Miliband's unlikely journey from hapless geek to heart-throb

    He was meant to be Labour's biggest handicap - but has become almost an asset
    General Election 2015: A guide to the smaller parties, from the the National Health Action Party to the Church of the Militant Elvis Party

    On the margins

    From Militant Elvis to Women's Equality: a guide to the underdogs standing in the election
    Amr Darrag: Ex-Muslim Brotherhood minister in exile still believes Egypt's military regime can be replaced with 'moderate' Islamic rule

    'This is the battle of young Egypt for the future of our country'

    Ex-Muslim Brotherhood minister Amr Darrag still believes the opposition can rid Egypt of its military regime and replace it with 'moderate' Islamic rule, he tells Robert Fisk
    Why patients must rely less on doctors: Improving our own health is the 'blockbuster drug of the century'

    Why patients must rely less on doctors

    Improving our own health is the 'blockbuster drug of the century'
    Sarah Lucas is the perfect artist to represent Britain at the Venice Biennale

    Flesh in Venice

    Sarah Lucas has filled the British pavilion at the Venice Biennale with slinky cats and casts of her female friends' private parts. It makes you proud to be a woman, says Karen Wright
    11 best anti-ageing day creams

    11 best anti-ageing day creams

    Slow down the ageing process with one of these high-performance, hardworking anti-agers
    Juventus 2 Real Madrid 1: Five things we learnt, including Iker Casillas is past it and Carlos Tevez remains effective

    Juventus vs Real Madrid

    Five things we learnt from the Italian's Champions League first leg win over the Spanish giants
    Ashes 2015: Test series looks a lost cause for England... whoever takes over as ECB director of cricket

    Ashes series looks a lost cause for England...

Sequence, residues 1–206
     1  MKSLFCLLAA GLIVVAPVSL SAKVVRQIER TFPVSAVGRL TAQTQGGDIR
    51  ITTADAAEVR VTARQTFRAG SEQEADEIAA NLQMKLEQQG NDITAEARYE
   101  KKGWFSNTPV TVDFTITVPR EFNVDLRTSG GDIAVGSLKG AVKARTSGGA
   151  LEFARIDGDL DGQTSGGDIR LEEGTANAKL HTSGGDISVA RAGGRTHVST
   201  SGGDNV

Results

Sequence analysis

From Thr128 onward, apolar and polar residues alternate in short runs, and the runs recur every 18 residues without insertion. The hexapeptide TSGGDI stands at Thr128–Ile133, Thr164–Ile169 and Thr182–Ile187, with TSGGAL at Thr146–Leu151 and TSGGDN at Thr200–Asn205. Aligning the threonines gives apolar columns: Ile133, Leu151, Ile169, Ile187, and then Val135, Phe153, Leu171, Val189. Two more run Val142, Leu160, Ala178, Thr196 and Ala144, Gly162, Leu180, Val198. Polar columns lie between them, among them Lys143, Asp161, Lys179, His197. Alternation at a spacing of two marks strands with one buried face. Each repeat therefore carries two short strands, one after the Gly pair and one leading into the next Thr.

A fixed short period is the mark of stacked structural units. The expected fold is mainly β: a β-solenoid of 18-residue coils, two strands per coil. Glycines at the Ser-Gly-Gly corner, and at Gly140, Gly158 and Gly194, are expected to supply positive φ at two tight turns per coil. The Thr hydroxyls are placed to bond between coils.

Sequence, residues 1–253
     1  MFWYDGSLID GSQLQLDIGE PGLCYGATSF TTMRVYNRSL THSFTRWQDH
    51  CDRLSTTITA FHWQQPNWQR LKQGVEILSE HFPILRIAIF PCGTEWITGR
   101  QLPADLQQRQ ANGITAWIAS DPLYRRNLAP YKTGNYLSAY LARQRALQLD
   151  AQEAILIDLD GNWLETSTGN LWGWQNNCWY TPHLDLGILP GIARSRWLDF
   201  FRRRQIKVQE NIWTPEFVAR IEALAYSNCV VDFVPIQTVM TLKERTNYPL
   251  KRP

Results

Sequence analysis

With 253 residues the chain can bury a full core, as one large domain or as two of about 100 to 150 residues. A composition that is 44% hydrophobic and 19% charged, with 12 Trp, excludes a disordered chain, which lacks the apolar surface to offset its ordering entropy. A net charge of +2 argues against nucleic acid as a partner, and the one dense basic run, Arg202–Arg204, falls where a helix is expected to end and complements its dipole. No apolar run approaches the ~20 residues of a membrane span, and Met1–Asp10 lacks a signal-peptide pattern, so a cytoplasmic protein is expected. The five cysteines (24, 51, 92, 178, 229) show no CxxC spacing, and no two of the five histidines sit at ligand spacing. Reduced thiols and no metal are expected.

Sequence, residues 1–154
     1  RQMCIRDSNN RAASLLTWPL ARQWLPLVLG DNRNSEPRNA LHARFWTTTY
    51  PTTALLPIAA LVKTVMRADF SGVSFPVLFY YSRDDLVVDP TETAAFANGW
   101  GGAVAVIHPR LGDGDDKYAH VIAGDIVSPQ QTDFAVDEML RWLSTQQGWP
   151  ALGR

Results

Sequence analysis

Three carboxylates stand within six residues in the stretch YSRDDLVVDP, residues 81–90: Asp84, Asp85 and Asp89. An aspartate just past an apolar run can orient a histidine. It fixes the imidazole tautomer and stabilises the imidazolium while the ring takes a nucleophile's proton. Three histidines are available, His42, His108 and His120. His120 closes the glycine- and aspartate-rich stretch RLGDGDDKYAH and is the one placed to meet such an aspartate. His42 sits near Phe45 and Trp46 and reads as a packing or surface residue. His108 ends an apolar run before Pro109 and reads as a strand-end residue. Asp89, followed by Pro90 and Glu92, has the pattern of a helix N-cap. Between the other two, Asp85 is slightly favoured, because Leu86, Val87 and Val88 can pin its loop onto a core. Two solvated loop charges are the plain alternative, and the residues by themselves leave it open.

Whoever takes over as ECB director of cricket, says Stephen Brenkley
    Fishing for votes with Nigel Farage: The Ukip leader shows how he can work an audience as he casts his line to the disaffected of Grimsby

    Fishing is on Nigel Farage's mind

    Ukip leader casts a line to the disaffected
    Who is bombing whom in the Middle East? It's amazing they don't all hit each other

    Who is bombing whom in the Middle East?

    Robert Fisk untangles the countries and factions
    China's influence on fashion: At the top of the game both creatively and commercially

    China's influence on fashion

    At the top of the game both creatively and commercially
    Lord O’Donnell: Former cabinet secretary on the election and life away from the levers of power

    The man known as GOD has a reputation for getting the job done

    Lord O'Donnell's three principles of rule
    Rainbow shades: It's all bright on the night

    Rainbow shades

    It's all bright on the night
    'It was first time I had ever tasted chocolate. I kept a piece, and when Amsterdam was liberated, I gave it to the first Allied soldier I saw'

    Bread from heaven

    Dutch survivors thank RAF for World War II drop that saved millions
    Britain will be 'run for the wealthy and powerful' if Tories retain power - Labour

    How 'the Axe' helped Labour

    UK will be 'run for the wealthy and powerful' if Tories retain power